In the face of this outrage, and the others in the week, the first and immediate objective is to bring to justice those responsible. In respect of the Milltown cemetery attack, a man will shortly be charged with these murders, and also a number of other serious offences. In respect of the killing of the soldiers, two men are already in custody. In addition, a massive murder investigation is under way, in which all possible resources are involved to identify all those responsible.

The next issue that I wish to address is that of the approach of the RUC to the conduct of these funerals. Large funerals and processions are arguably the most difficult events from a public order and a terrorist threat situation that the security forces face. They have been used quite unscrupulously by paramilitaries for propaganda purposes.

The Chief Constable, in determining the most appropriate method of policing any funeral, takes account of all the relevant circumstances in reaching his decision. Clearly a prime consideration has been that they should be conducted within the law and without paramilitary display. He would also have regard to the degree to which other elements would seek deliberately to exploit the presence of the police to provoke violence and disorder.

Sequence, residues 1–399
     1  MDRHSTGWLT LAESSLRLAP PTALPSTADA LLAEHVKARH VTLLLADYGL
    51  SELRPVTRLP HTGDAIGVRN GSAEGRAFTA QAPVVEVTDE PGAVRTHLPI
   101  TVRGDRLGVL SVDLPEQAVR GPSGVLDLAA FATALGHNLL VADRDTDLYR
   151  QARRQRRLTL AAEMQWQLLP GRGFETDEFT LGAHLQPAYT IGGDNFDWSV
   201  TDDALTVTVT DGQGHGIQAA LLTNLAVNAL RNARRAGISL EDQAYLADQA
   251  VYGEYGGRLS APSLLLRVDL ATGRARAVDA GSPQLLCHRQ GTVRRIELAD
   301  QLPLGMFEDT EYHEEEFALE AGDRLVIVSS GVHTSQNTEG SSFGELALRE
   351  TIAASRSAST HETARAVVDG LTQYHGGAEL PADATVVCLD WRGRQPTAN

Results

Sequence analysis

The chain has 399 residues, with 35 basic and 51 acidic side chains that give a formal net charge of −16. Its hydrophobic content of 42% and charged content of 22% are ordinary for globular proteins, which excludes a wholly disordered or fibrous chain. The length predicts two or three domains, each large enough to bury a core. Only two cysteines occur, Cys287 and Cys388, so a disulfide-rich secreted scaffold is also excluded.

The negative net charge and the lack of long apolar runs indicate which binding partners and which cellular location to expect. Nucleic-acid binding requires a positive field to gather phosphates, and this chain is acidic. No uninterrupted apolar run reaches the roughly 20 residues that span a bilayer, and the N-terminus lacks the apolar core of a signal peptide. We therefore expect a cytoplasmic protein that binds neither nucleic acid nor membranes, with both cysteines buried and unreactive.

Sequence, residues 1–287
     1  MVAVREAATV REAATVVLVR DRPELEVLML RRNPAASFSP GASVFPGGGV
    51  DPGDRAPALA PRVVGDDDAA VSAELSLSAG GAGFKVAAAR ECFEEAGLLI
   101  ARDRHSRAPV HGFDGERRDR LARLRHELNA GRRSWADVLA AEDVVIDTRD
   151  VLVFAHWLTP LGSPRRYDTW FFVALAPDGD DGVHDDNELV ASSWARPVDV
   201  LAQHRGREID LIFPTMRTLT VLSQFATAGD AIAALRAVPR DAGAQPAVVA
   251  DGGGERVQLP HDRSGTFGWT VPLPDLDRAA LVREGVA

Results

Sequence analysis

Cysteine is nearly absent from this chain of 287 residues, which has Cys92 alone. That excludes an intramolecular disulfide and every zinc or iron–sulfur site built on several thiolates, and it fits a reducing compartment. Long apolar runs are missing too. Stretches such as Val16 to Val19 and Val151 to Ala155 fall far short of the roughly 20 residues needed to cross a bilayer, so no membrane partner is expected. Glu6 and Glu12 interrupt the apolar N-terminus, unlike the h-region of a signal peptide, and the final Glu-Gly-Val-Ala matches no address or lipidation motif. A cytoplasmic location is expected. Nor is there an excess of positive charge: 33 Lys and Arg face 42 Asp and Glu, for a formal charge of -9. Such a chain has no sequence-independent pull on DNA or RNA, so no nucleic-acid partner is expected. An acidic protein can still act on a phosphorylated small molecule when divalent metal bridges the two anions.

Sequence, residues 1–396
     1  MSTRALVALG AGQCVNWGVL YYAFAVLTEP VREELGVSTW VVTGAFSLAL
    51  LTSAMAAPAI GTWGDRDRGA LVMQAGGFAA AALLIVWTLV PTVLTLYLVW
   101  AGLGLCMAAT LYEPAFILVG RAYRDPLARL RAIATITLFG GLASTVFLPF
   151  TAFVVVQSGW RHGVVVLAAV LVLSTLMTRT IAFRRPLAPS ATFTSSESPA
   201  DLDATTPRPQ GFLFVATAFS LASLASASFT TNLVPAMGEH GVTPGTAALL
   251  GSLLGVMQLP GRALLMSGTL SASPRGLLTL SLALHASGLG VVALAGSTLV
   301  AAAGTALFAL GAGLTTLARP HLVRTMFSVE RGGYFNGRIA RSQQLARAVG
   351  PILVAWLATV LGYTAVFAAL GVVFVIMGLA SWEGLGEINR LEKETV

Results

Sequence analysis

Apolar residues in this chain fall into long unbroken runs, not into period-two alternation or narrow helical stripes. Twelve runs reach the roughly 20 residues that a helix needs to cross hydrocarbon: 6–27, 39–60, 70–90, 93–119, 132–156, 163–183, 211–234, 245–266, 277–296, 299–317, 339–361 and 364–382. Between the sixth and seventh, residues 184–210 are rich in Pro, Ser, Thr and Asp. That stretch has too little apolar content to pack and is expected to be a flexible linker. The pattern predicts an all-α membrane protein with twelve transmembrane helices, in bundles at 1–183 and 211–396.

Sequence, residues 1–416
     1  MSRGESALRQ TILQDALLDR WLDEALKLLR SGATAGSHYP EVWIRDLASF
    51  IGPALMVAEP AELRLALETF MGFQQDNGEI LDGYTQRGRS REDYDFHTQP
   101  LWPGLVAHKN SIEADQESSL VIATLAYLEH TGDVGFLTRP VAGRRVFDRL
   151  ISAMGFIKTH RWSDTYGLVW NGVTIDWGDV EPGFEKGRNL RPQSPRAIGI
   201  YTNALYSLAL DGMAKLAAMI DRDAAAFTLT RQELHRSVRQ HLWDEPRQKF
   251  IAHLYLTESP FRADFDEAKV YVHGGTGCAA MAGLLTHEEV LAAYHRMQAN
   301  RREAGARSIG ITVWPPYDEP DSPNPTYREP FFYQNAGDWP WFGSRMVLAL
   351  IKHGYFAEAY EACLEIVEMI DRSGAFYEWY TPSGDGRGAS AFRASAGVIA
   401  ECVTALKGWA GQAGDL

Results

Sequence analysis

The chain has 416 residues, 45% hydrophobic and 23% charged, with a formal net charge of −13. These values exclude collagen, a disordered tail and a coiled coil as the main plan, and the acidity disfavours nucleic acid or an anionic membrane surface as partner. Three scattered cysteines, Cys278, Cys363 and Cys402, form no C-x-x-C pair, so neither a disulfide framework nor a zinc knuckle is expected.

There have been suggestions that the arrangements for the funerals were the consequence of a political directive and that there had been some interference with the independent operational responsibility of the Chief Constable. This is quite false. The Chief Constable has asked me to make it quite clear that he takes full responsibility for the arrangements for the funerals, and that these were policing decisions, taken after the most careful assessment of all the relevant circumstances. I would emphasise that I fully support the decisions that he took in these matters, and in which the initial outcome had clearly been successful. However, the two incidents that subsequently occurred are clearly wholly unacceptable and require immediate review in regard to policing to be followed at any future funeral. The Chief Constable has informed me this morning that he is carrying this through as a matter of urgency. I can tell the House that he will carry through this work with great professionalism and sensitivity, but the House knows well how difficult it is to ensure that funerals can proceed in good order and within the law when there are elements who have absolutely no scruples or respect for family feelings in the way in which they seek to exploit them.